Michael Jackson's Skin Depigmentation Picture is Edited – Fact Crescendo Sri Lanka

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In today’s age of digital media and social networking, it is unfortunately common for fake and edited pictures of celebrities to circulate online. These pictures are often accompanied by misleading claims about their health conditions. One recent example is a viral tweet that claimed to show a shirtless Michael Jackson with his skin depigmentation due to his vitiligo condition.
Social Media Post
The viral tweet in question features a picture of Michael Jackson that illustrates his skin depigmentation due to vitiligo, a skin condition characterized by the loss of pigment in certain areas of the skin, resulting in white patches. 

Source | Archive
The tweet has garnered significant attention with over 14 million views so far, prompting us to investigate the origins and authenticity of the image.
Fact Check
To ascertain the accuracy of this claim, we employed the reverse image search feature to trace the photo’s origins. The results led us to the original photograph, which was taken by Lynn Goldsmith in 1981. As we can see from the original image, there is no noticeable depigmentation, as seen in the claiming photo. You can see the original picture as below.

Source: Mouche Gallery
We also found that this edited photo has been circulating online for years, as seen here and here. And this has been previously fact-checked by the Portuguese fact-check website Observado.
It is essential to mention that Michael Jackson did have vitiligo, a condition he openly discussed during his lifetime. However, the photo in question does not accurately show the progression of his vitiligo.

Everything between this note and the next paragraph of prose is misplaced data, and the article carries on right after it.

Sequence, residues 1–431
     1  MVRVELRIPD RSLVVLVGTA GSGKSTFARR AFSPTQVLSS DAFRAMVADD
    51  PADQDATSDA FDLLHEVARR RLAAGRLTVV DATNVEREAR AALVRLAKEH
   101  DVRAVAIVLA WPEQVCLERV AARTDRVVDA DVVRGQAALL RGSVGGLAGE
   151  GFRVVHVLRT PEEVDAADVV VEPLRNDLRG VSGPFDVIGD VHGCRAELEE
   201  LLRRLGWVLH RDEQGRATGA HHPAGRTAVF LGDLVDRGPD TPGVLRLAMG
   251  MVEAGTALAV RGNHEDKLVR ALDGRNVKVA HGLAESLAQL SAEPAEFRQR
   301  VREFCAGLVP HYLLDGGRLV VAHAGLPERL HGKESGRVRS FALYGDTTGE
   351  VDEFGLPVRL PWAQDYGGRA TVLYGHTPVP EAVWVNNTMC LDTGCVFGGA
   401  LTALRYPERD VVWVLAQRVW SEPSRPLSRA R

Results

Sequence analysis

In a 1993 interview with Oprah Winfrey, Michael Jackson revealed that he suffered from the disease and began to notice changes shortly after the release of “Thriller” in 1982.
Vitiligo is a complex condition that affects individuals differently, and its manifestations can vary significantly from person to person (Source).
In the case of Michael Jackson, his vitiligo mainly affected his face and hands, prompting him to use makeup and gloves to hide the resulting skin discoloration. However, the photo from 1981 does not accurately depict the changes in his skin caused by vitiligo.
Conclusion:
In conclusion, the viral tweet claiming to show Michael Jackson’s skin depigmentation from vitiligo using a photo from 1981 is an altered image. While it is true that Michael Jackson had vitiligo, this edited photograph does not accurately depict the condition.
Title:Michael Jackson’s Skin Depigmentation Picture is Edited
Result: Altered
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